ATHENS, Ohio – You’ve heard the adage, “Pay yourself first.” But how many of us do it? Will the average American have invested and saved enough for retirement?
About 71 percent of respondents to a recent nationwide survey conducted by Scripps Howard News Service and Ohio University say they are either very confident or at least somewhat confident that they will spend all of their retirement years in financial security.
Dena Wise, University of Tennessee Agricultural Extension Service financial-management specialist, expresses doubt.
Ready for retirement?
“Research studies don’t bear this out,” she said. “In fact, depending on the standard used, researchers estimate that up to 60 percent of the population are not financially prepared for retirement.”
According to the U.S. Department of Commerce, the personal savings rate in this country fell to minus 1.2 percent in 1999, which was the lowest in 59 years.
“I think that’s probably right,” said Wise, “because we’ve seen both credit and bankruptcies skyrocket the last few years. People are consuming, consuming, consuming.”
Time is money.
Suze Orman, financial expert and author of The 9 Steps to Financial Freedom, said the most powerful and respectable way to make money is to invest the money you save during your working years wisely so that when you no longer want to or are able to work, your money will work for you.
Eighty-three percent of respondents to the Scripps survey said they or someone in their household are covered by a pension plan, have a 401(k) plan through the workplace or have an Individual Retirement Account (IRA). But will it be enough for retirement?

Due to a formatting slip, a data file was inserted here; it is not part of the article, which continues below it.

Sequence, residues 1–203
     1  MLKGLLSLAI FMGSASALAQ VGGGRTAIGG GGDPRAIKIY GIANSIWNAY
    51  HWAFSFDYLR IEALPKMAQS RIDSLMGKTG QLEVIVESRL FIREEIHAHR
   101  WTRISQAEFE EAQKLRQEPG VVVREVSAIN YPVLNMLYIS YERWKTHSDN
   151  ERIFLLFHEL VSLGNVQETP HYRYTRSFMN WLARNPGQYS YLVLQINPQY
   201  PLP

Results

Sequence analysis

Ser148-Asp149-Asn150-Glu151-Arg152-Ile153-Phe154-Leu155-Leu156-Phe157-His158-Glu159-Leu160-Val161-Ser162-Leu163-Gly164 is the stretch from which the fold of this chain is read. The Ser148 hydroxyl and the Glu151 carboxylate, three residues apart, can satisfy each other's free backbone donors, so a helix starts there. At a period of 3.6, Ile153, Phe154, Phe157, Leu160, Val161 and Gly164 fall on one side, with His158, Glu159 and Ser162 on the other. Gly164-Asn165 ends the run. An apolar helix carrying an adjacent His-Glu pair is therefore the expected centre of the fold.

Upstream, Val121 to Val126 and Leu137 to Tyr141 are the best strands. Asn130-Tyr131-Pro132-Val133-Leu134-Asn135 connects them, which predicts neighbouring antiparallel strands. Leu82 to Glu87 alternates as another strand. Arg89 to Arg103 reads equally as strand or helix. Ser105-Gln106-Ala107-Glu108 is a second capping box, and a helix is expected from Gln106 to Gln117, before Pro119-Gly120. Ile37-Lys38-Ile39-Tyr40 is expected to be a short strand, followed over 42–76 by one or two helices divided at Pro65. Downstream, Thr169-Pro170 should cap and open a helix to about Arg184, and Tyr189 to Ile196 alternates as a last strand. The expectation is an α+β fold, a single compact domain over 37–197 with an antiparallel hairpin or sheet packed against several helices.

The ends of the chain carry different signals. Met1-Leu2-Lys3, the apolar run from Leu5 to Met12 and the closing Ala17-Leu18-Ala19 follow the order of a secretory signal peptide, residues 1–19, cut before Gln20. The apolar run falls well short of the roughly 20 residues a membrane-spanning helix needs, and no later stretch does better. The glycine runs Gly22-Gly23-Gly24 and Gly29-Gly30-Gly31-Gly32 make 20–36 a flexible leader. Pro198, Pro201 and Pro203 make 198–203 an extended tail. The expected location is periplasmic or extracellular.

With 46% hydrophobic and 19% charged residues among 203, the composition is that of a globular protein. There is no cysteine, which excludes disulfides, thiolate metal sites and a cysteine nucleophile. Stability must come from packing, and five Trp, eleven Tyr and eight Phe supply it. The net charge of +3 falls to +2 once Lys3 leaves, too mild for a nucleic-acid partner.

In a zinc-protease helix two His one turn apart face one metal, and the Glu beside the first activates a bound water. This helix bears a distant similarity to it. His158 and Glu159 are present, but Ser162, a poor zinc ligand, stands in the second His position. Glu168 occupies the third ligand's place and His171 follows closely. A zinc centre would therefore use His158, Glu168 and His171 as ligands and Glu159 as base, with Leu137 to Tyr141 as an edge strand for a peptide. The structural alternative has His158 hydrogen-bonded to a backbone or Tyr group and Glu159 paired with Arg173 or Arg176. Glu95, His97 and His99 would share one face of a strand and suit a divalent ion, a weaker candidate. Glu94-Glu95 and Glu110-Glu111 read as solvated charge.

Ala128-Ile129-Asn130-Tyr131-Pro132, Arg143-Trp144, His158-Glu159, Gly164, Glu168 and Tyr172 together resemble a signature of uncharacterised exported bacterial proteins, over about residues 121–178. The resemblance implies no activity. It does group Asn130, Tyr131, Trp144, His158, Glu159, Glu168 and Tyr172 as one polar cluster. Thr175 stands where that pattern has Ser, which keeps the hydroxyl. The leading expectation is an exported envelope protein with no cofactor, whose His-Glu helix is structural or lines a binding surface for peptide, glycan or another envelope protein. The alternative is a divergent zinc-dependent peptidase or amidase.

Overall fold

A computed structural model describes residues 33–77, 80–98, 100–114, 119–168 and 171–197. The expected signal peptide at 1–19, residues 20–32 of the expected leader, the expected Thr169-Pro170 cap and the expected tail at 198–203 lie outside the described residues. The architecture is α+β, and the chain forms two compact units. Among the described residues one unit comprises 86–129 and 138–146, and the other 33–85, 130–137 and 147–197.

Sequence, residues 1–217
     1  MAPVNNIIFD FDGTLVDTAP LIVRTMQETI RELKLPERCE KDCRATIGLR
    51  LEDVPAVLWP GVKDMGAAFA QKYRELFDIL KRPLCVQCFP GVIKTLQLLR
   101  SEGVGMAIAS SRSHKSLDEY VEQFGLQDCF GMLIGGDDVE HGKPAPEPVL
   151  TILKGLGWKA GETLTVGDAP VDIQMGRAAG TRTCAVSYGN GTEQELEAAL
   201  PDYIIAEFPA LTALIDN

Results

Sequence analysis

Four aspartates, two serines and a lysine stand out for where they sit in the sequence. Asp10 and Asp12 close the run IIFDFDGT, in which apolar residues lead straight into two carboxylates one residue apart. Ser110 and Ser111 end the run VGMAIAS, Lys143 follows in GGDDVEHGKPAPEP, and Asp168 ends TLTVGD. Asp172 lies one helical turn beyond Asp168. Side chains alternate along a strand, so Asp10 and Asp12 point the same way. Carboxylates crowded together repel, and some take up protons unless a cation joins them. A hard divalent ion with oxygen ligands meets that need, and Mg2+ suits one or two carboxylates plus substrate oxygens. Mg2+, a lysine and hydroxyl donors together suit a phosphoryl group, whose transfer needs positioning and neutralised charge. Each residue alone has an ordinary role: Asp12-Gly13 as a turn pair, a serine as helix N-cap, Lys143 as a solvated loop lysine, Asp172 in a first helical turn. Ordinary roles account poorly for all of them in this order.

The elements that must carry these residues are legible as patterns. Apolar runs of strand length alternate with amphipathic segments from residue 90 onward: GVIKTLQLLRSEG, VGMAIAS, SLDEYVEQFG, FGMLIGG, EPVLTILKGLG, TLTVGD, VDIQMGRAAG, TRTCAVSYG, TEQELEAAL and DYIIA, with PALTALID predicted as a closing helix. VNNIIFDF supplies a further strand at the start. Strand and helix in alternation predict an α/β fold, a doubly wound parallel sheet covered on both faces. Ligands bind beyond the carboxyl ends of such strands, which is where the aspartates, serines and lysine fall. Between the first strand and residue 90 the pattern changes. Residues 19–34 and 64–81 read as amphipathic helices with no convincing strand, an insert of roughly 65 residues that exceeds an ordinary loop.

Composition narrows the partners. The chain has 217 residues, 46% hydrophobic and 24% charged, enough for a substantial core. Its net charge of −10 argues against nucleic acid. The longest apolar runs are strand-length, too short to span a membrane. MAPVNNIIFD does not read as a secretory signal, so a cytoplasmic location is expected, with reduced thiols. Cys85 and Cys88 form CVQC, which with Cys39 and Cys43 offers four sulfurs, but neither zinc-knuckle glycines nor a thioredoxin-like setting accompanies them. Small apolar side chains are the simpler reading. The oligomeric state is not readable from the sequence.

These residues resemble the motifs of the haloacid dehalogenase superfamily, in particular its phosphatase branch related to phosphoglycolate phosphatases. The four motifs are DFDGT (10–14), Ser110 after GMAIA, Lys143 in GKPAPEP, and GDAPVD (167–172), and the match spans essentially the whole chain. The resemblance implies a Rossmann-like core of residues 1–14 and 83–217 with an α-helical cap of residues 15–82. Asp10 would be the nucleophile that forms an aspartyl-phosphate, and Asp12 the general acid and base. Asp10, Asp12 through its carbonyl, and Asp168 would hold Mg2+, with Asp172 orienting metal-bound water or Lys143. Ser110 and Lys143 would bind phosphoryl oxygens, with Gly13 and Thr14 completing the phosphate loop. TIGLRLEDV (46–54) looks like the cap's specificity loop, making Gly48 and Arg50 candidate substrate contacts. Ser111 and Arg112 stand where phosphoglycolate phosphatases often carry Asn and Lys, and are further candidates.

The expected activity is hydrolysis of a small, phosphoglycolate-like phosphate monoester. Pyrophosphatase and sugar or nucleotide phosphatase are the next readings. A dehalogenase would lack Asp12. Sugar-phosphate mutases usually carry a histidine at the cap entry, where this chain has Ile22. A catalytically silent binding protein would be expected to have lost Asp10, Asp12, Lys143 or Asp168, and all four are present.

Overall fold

Wise likes to see people saving 10 percent to 20 percent of their income.
“It could be the part of their retirement that goes into a match by their employer, something that goes into a 501(c)3 or a savings account that’s invested,” she said. “This doesn’t all have to be tax-sheltered savings.”
Financial gurus concur: Time is the most important factor in money’s growth process.
Start saving now.
If you’re 45 and start putting $100 a month into an account that averages a 10 percent return, you’ll have $71,880 by age 65.
If you start 10 years earlier, at age 35, your $100 a month will have grown to $206,400 by age 65.
If you can start saving $100 a month at age 25, you’ll have $555,454 by age 65.
“For every year you wait to take the step of establishing respect for your life, it costs you about $25,000 a year in future growth,” said Orman.
Wise fears that the baby boomer generation may have to experience hard times in retirement before younger generations take heed and adopt sound saving habits.
“Retirement slips up on people,” Wise said. “They think they’ll deal with this in the future. Then time passes and it’s suddenly there.
“The other thing that complicates the picture is that there’s a really short time between the time people have peak expenses in their life.
“Those peak expenses usually come during the years when their children are in college and retirement. So I think people start planning too late.”
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